Quality food belongs to everyone

Lähimetsistä poimittuja puolukoita
Lead text
Helsinki offers a pleasantly low threshold for discovering its lively food culture. High-quality culinary experiences are available at reasonable prices, even at its Michelin-starred restaurants.

Broad selection of fine wines

Helsinki's wine offerings are now better than ever. Even the wines served by the glass at casual restaurants, such as Harju8, Goose, Plein and Way, are of very high quality.

“We have many restaurants in Helsinki with truly international levels of wine offerings,” says Pilvi Auvinen from the Grape Wine Bar on Uudenmaankatu.

“The selections here are often quite diverse. It must be largely due to the fact that we do not have our own wine production, and customers are very open to recommendations, unlike in many wine-producing countries, where customers often have a strong preference for wines from a particular region or producer. We have an open-minded interest in wines, no matter where in the world they may come from,” she continues.

Founded by three female entrepreneurs, the Grape Wine Bar hosts wine tastings where you can sample either sparkling wines or even specific grape varieties. As the expert responsible for wines, Auvinen herself selects wines above all, on the merits of pure taste.

One of the most interesting new ventures in Helsinki is Let Me Wine, which organises wine tastings and imports natural wines. In summer, they operate out of a classic canopy kiosk in Karhupuisto “Bear Park” in Kallio, where you can taste unique, naturally sparkling pét nat wines.

“Even though Helsinki is quite a small city, it has lots of restaurants and bars serving interesting wines,” says Toni Feri, Managing Director of Let Me Wine.

According to Feri, cities situated close to the classic wine regions sometimes have to go out of their way to find interesting wines.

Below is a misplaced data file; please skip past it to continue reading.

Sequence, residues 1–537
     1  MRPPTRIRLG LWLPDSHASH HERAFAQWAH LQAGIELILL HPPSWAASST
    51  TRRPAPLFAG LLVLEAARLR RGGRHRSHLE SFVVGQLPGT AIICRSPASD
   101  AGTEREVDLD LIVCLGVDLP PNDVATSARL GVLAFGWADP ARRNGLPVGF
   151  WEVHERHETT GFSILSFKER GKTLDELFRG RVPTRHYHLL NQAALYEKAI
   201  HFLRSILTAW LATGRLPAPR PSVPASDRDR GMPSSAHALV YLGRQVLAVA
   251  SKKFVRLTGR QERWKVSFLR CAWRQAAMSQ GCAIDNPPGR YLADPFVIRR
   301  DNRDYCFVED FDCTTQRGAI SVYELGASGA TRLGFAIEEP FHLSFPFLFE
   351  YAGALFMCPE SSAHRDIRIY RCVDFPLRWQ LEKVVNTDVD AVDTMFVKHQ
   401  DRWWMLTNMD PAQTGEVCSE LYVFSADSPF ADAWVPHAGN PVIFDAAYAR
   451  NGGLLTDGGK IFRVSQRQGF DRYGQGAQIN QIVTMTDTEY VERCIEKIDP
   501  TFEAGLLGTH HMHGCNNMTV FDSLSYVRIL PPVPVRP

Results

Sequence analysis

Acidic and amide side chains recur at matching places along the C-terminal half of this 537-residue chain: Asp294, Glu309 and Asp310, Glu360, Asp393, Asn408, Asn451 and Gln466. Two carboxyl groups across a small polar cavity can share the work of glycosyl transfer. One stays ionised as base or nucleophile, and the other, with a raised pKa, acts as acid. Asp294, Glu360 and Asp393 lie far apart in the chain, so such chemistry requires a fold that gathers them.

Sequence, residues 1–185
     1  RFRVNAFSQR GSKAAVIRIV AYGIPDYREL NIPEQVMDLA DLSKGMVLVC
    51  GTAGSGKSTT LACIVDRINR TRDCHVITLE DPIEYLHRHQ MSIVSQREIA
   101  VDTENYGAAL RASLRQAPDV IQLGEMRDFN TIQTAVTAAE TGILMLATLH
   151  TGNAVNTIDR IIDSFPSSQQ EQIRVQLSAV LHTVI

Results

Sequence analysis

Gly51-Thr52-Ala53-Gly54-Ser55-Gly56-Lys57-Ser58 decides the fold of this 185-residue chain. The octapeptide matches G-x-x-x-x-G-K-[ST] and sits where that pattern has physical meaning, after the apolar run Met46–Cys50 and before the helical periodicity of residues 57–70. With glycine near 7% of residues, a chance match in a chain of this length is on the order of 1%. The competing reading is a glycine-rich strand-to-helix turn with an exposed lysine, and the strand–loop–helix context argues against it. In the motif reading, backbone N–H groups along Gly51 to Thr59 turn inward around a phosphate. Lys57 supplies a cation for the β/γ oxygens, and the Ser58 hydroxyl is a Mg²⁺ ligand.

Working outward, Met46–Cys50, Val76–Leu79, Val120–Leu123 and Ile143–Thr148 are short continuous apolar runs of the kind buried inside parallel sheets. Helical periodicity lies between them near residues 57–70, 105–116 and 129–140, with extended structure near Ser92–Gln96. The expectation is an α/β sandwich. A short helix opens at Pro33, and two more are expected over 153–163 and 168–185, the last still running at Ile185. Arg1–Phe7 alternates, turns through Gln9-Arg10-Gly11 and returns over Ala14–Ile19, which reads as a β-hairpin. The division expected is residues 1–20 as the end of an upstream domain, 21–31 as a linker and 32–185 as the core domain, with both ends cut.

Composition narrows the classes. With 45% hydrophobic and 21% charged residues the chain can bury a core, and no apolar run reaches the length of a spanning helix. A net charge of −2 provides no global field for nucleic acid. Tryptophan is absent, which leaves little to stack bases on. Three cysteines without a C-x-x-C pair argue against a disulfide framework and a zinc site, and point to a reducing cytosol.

Apotek, the newest restaurant by well-known local restaurateur Tio Tikka, has already earned a reputation for its international levels of service. Experience that wonderful feeling of spending an evening there, when just the right kind of wine in just the right measure is brought before you – especially the French organic wines imported by the family business founded by Tikka's mother, Asta Nurmilaukka. 

The wine bar at the Michelin-starred restaurant Muru serves a selection of wines by the glass that changes daily, as the restaurant stocks over 750 wines. The wine bar is also a nice place to stop by on a whim, as there is more likely to be space there than in the restaurant itself. You can also order Muru’s legendary risotto at the wine bar. Thursdays at the Muru wine bar are dedicated to champagnes, and each Friday one of its iconic wines is uncorked, which you can order beforehand.

Michelinin tähden saanut Grön tarjoilee modernia, kasvipainotteista ja inspiroivaa ruokaa
Show in landscape format

Michelin-quality cuisine for less than a hundred euros

Finland has seven restaurants that have been awarded a Michelin star, many of which are hoping for a second star. To get a star these days, restaurants no longer need to have their food served on white linen by waiters in tailcoats. In Helsinki, a Michelin-star dinner can also be enjoyed relatively inexpensively compared to the international level.

Grön, Demo and Ora all offer a tasting menu for less than one hundred euros. Grön offers both meat and vegetarian menus featuring no less than 8 dishes. At Demo, the six-course menu is revealed only at the dinner table, as it is not published in advance. Ora in turn announces on its website when its nine-course menu is being updated, so you can check in advance when there is something new for you to try.

Veggie pies and burgers

For centuries, Finnish food was mainly based on vegetables, and meat was a festive dish. In recent years, more and more Finns have become reacquainted with vegetarian food. The boom comes courtesy of fast-paced product development, which has resulted in such treats as Nyhtökaura pulled oats, Härkis made from fava beans, Vöner vegan kebabs and Fallero, Finnish falafel.